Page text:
Trinity Real Estate, a division of Trinity Church located near the World Trade Center site, has had a pretty good run. In the past 14 months, Trinity saw occupancy rise from 84 percent to 92 percent and watched rents ratchet up 26 percent. According to Crain’s, a big part of that growth is thanks to tech companies, or at least tech-driven startups like e-commerce site One Kings Lane, which is co-founded by Mark Pincus’s wife Alison Pincus, and moved into 205 Hudson St. in May.
Trinity owns 18 former industrial buildings in the Hudson Square area and startup types, it seems, dig the “loftlike spaces, with large windows and big floor plates.” But it’s not just Trinity:
“Tech-driven firms such as One King’s Lane, along with an army of media companies, were crucial drivers of commercial leasing last year. In all, they accounted for 28% of Manhattan leasing in 2011, up from 18% a year earlier, according to Cassidy Turley. That increase also came at a time when financial firms, which make up Manhattan’s largest tenant group, shed staff.”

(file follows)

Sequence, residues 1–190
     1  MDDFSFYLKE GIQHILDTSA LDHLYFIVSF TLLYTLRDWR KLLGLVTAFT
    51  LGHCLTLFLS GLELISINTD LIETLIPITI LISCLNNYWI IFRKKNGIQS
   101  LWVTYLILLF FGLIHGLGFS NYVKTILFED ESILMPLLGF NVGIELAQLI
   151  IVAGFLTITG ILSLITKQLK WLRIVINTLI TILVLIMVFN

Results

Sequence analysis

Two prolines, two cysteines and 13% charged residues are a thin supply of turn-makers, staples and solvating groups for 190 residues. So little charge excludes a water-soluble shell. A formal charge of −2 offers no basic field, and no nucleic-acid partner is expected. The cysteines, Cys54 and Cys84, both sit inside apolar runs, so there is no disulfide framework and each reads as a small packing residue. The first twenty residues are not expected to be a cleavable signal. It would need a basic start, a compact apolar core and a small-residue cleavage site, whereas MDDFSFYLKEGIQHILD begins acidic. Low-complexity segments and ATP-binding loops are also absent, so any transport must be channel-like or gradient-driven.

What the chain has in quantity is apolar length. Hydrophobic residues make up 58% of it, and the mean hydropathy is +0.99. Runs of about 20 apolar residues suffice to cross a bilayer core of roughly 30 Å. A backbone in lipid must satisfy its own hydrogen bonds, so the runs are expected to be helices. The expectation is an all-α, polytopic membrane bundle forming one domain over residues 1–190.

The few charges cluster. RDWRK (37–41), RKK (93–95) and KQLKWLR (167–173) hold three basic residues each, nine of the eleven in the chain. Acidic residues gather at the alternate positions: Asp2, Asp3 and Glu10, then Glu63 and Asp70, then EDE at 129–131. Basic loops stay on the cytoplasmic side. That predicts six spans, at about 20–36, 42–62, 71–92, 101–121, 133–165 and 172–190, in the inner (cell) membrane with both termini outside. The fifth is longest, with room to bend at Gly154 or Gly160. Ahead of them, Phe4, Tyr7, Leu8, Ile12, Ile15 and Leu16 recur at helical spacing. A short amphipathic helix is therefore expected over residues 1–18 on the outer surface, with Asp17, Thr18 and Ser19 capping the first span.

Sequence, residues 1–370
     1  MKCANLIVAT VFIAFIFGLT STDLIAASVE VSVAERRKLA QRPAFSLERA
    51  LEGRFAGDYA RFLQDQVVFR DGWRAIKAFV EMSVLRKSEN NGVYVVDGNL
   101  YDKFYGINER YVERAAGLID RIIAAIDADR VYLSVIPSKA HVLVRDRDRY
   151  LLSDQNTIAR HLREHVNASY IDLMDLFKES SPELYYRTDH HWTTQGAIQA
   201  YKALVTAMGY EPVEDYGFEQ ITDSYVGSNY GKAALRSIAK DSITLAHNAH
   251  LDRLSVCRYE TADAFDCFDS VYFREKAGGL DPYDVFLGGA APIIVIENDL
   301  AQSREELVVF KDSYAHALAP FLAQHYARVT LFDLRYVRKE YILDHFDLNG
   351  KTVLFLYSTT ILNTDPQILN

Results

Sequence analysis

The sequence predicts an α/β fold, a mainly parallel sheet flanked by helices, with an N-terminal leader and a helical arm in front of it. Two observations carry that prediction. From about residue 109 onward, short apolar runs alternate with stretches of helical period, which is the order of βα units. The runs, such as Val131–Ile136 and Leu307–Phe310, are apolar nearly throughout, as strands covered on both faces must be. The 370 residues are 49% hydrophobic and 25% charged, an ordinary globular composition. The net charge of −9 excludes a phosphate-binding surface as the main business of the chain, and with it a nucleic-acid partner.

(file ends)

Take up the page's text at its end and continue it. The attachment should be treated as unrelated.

Thanks to that growth, Hudson Square, which goes from Canal Street to West 14th Street and Sixth Avenue to the Hudson, claimed the largest drop in vacancy rates, along with the highest increase in rents for coveted buildings. Tech and media companies also helped Midtown south, from 32nd St. to Canal, claim “the lowest vacancy rate of any central business district in the country,” says Crain’s.
Students of the dot-com era will recall that Midtown south went through its own boom and eventual bust before, but Joseph Harbert, CEO of Cushman’s New York Metro Region tells Crain’s, “This time feels different, more real,” thanks to actual products and “very often” profits. Wait, landlords make a distinction between profits and VC funding, right?